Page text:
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Space 101: Chandrayaan-2, ISRO’s Powerful Chariot to Moon


(Chandrayaan-2 Infographic Source: The Times of India)

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It was a mixed feeling when one heard on recent India’s attempt to land a lander on the Moon (the Americans & the Russians have done in the 1960s and recently the Chinese have done it on the dark side of the moon where it was once alleged to have a secret alien base):-

India’s space agency, Isro, has not yet released information on how it lost contact with its Moon lander seconds before it was due to touch down on the lunar surface. But former members of the agency tell the BBC what may have gone wrong.

Chandrayaan-2 (Moon vehicle 2) entered the Moon’s orbit on 20 August and was due to land on the lunar surface a little after midnight India local time (1800 GMT) on 7 September – a month after it first shot into space.

But contact was lost moments before the lander (named Vikram, after Isro founder Vikram Sarabhai) was expected to touch down at the lunar south pole.

The orbiter has since spotted the lander on the surface of the Moon – unbroken, but tilted on its side. So far, scientists have not been able to establish contact with it.

The head of India’s first Moon mission, Mylswamy Annadurai, also said the anomaly in the velocity profile was an indication that something had malfunctioned in the lander as it hurtled towards the Moon.

“Most likely the orientation [of the lander] could have been disrupted. Once we look at the data we will be able to say for sure what happened, but it is likely that either a sensor or a thruster could have malfunctioned,” he told BBC Tamil.


And there was the news of the Indian Prime Minister hugging ISRO’s chief which was rather emotional even though we are not Indian citizens. That was something unexpected.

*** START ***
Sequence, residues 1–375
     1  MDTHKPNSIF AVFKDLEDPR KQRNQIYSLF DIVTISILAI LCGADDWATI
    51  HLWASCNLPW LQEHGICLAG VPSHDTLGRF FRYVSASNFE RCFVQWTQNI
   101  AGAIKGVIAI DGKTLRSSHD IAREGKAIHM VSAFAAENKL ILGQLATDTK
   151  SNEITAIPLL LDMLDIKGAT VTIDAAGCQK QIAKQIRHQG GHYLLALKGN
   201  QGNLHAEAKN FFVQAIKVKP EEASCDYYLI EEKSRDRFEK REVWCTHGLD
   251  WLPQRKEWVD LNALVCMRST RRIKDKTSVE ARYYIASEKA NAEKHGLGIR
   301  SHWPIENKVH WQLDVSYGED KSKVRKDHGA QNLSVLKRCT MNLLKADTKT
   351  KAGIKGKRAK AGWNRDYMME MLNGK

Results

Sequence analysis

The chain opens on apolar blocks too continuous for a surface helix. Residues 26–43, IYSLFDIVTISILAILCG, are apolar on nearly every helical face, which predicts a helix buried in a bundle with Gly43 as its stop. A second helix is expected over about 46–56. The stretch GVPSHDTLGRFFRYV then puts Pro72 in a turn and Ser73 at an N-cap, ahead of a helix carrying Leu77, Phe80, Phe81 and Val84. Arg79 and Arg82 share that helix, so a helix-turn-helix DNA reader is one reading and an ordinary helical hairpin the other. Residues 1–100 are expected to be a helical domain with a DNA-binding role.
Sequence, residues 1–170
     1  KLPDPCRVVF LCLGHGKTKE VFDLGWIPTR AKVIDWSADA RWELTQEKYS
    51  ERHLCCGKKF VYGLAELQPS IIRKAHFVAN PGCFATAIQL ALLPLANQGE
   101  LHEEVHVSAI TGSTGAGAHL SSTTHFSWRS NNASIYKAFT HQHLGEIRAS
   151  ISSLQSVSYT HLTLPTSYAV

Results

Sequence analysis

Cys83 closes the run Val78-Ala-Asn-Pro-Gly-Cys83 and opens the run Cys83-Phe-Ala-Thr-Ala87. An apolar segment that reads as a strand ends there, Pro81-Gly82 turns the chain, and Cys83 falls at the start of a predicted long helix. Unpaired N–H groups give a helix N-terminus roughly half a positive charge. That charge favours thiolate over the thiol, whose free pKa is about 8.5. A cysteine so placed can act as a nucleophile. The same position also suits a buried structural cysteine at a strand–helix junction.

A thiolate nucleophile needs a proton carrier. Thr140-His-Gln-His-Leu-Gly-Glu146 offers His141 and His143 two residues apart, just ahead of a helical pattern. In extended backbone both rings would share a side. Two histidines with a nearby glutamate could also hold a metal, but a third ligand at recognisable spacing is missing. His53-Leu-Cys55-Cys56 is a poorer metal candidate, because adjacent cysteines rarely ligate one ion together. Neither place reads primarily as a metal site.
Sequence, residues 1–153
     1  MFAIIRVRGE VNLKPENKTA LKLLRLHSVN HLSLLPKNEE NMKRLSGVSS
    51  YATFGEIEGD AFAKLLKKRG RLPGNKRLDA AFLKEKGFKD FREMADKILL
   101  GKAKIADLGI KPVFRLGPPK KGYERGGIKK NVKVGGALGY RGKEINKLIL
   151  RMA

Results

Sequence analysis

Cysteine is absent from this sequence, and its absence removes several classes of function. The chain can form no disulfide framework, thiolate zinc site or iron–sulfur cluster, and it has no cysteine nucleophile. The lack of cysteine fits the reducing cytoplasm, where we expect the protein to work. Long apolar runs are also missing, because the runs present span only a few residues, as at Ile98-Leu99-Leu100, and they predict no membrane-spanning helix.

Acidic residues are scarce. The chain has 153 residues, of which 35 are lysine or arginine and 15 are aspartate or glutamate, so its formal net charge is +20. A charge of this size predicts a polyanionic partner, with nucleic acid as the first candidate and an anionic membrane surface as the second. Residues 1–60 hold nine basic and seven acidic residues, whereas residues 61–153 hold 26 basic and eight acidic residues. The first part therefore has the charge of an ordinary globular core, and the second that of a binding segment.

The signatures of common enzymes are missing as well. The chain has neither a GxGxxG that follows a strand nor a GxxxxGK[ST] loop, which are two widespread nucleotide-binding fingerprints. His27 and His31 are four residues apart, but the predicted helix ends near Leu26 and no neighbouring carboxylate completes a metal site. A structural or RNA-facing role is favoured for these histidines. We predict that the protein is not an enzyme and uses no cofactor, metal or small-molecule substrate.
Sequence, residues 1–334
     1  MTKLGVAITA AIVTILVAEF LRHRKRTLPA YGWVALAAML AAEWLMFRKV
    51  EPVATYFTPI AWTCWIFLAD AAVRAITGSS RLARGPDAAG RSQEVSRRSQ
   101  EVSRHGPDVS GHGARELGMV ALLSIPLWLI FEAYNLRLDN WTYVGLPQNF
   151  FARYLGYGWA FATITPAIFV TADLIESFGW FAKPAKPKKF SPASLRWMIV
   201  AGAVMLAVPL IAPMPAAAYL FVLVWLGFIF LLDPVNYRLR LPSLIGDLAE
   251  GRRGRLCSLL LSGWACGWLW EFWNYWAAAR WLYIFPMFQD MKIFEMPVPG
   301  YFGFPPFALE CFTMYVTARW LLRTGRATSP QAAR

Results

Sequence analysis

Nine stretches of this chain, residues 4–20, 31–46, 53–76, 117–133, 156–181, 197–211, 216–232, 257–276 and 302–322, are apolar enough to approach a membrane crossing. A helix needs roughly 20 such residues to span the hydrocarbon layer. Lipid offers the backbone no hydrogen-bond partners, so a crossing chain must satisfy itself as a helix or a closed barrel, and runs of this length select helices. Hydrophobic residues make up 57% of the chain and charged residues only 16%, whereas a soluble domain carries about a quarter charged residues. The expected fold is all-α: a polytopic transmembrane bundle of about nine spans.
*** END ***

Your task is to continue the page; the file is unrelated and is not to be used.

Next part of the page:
Now whilst the some in this side of the world arguing on the nature of the mission, the success & failure of the said mission to the Moon and even whether India should be embarking on such scientific endeavours when many in the country still live below the poverty line & have no access to proper sanitation, look at the bigger picture – Chandrayaan is a major advancement by the Indians in the area of space and science and this will spur the advancement of its people to a greater thinking height.

And personally, for me, anything that touches on space exploration itself is a step forward for humankind as one day, we will need to leave this planet – we already had screwed this planet so much that it will not be able to sustain us. The same is on NASA’s mission statement on why space exploration is important:-

Humans are driven to explore the unknown, discover new worlds, push the boundaries of our scientific and technical limits, and then push further.

The intangible desire to explore and challenge the boundaries of what we know and where we have been has provided benefits to our society for centuries.


When Neil Armstrong stepped on the surface of the Moon on July 1969, he said: “That’s one small step for a man, one giant leap for mankind”. He did not say for Americans.

And the same goes for all space explorations done thereafter and in future by the Russians, Europeans, Chinese and the Indians. Any space explorations have always been one giant leap for mankind.

All is not a lost with ISRO’s Chandrayaan-2 lander mission – they still have an orbiter in place and it has been a good effort till now.

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